Sustainable tea production as part of the future of Sri Lankas


Tea, Tamils og tourism

Sri Lanka’s history is a long dialogue between the Hindu South India and Buddhist Sri Lanka. In recent times, the dialogue was characterized by armed conflict, to the detriment of the country’s development and economy. Since British colonial times the tea has been a major source of revenue for Sri Lanka, and the plantations are an important part of the island’s history and destiny.


Conflict and colonial rule

More than 30 years of civil war between government forces and the Tamil guerrillas LTTE – Tamil Tigers ended in 2009 after a dramatic course, where many civilians were killed and displaced.

The island’s Tamil minority emigrated under British colonial rule as labor to tea plantations, while the Tamil minority, who already lived on the island, in many cases, were the core of the educated middle class.

The conflict between government forces and the Tamil independence movement, the LTTE has cost huge amounts of money and many lives. In periods, part of the population were internally displaced within the country fleeing from the war.

The war destroyed the possibilities of developing the country’s economy, and today the island’s main sources of income are tourism and tea exports. The country is being rebuilt, and the growth is mainly in the big cities and tourist areas. In recent years there has been strong growth in the tourism industry and the government has invested heavily in expanding roads and transport in coastal areas.


Two languages and two cultures

The population is ethnically and religiously mixed by a majority of Sinhala-speaking Buddhists. The Tamil population speaks Tamil, and the two languages ​​are both official languages ​​in Sri Lanka and have their own alphabet.

Plantation workers in Sri Lanka are many places descendants of Indian laborers from Tamil Nadu, who more or less voluntarily migrated together with the tea bushes in the 1800s by command of the British colonialists. At the time, the British founded the industrial tea production in Sri Lanka to provide cheap tea to their home.

The British-owned plantations were based on very low paid workers, who lived in primitive dwellings on the plantations. Many places in Sri Lanka still has the old residential barracks from the colonial era and these are still in use and the tea workers are still today among the country’s poorest. The opportunities to get an adequate education is still limited for plantation workers’ children growing up in parts of the country that is most sparsely provided with schools and educational opportunities. There may even be very far to the nearest secondary school, if you grow up on a tea plantation in the highlands.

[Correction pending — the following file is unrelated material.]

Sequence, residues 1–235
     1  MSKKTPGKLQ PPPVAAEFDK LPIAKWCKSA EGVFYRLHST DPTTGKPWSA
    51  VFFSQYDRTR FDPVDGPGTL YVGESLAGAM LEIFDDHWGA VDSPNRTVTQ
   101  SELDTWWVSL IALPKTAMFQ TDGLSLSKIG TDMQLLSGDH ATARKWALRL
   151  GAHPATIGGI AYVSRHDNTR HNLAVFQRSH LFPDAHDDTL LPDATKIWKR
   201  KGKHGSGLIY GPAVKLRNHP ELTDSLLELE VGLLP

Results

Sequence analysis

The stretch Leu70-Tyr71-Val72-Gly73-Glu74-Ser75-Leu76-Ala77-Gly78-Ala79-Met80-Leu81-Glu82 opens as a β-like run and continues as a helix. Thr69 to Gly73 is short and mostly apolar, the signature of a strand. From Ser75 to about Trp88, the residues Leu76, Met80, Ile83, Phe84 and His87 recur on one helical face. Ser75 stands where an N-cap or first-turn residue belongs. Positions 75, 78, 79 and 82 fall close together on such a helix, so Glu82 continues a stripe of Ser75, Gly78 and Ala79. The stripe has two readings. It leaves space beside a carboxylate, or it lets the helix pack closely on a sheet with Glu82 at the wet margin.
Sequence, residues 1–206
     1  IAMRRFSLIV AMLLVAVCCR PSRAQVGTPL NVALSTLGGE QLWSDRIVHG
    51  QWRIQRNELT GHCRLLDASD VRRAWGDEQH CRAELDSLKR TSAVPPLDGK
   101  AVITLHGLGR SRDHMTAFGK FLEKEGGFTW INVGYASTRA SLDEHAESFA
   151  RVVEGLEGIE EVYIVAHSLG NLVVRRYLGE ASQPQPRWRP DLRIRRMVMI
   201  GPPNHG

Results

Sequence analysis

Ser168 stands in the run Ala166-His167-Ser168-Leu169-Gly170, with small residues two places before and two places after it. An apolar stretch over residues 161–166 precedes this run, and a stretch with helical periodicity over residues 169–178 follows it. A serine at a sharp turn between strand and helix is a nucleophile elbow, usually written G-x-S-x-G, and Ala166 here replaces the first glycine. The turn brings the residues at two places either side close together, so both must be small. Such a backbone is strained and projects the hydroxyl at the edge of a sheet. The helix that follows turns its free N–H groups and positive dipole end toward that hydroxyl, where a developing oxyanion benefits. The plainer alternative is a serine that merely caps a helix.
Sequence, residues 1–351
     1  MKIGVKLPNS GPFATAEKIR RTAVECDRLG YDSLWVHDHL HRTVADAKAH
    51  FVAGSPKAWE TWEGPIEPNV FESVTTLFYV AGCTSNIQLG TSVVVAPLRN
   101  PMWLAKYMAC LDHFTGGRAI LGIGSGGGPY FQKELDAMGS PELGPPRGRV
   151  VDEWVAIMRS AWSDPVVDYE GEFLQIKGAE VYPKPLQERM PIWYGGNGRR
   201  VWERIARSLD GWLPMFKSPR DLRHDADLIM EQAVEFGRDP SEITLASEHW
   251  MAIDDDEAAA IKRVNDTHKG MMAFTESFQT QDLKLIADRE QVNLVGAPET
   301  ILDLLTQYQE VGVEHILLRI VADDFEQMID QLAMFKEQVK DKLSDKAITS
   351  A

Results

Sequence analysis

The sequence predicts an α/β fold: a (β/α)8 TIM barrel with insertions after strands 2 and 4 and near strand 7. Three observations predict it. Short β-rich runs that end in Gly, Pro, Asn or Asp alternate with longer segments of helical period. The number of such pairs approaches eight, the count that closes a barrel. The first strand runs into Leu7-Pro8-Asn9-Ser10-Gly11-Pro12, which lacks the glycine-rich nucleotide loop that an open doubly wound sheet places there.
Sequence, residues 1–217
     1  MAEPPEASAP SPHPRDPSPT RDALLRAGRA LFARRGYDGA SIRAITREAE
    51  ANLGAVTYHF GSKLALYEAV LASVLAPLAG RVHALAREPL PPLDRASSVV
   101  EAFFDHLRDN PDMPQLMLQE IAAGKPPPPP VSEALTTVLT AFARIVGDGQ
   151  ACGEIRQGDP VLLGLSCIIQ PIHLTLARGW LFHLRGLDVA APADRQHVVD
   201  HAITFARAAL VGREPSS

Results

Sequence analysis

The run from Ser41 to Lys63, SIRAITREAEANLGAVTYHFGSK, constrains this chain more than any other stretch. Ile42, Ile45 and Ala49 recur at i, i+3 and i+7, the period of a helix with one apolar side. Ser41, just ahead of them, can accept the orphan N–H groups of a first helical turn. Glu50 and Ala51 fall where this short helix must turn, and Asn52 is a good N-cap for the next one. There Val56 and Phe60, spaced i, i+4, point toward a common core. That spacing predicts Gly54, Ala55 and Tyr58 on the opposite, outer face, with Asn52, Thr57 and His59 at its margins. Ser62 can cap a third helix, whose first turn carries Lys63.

Tea production under pressure

There is no doubt that tea production in the years to come will be an important source of revenue for Sri Lanka, as it has been for more than 150 years. At the moment the tea industry has to shift to more modern production methods, which can make Ceylonese tea more competitive on the world market.

Developments in other tea producing countries are moving towards the mechanization, which may mean further poverty for the poorly educated plantation workers, who in many cases would be redundant. Use of pesticides and fertilizers can also improve production efficiency, but pose a threat of major damage to the vulnerable environment in the highland of Sri Lanka.

Another option is sustainable tea production that protects the environment and develop the workforce that the plantations need in order to deliver a quality product that not only competes on price in the world market.


Sustainable tea production in the future

Chaplon wants as a foreign investor and business to promote a modern and sustainable tea production in Sri Lanka. Therefore, we invest in the welfare and education of our employees and work with local organizations and institutions to pass on know-how on sustainable tea production.

On our latest plantation near the town of Passara we work to offer plantation workers’ children education as a complement to public schooling. In our packing facility we offer English classes on Saturdays.

English teaching gives the packing staff the opportunity to work in our stores where we place great emphasis on staff development and training. In the shops we offer language courses in Arabic and Russian, and it is a minimum requirement that the staff can speak English.

Read more about our English classes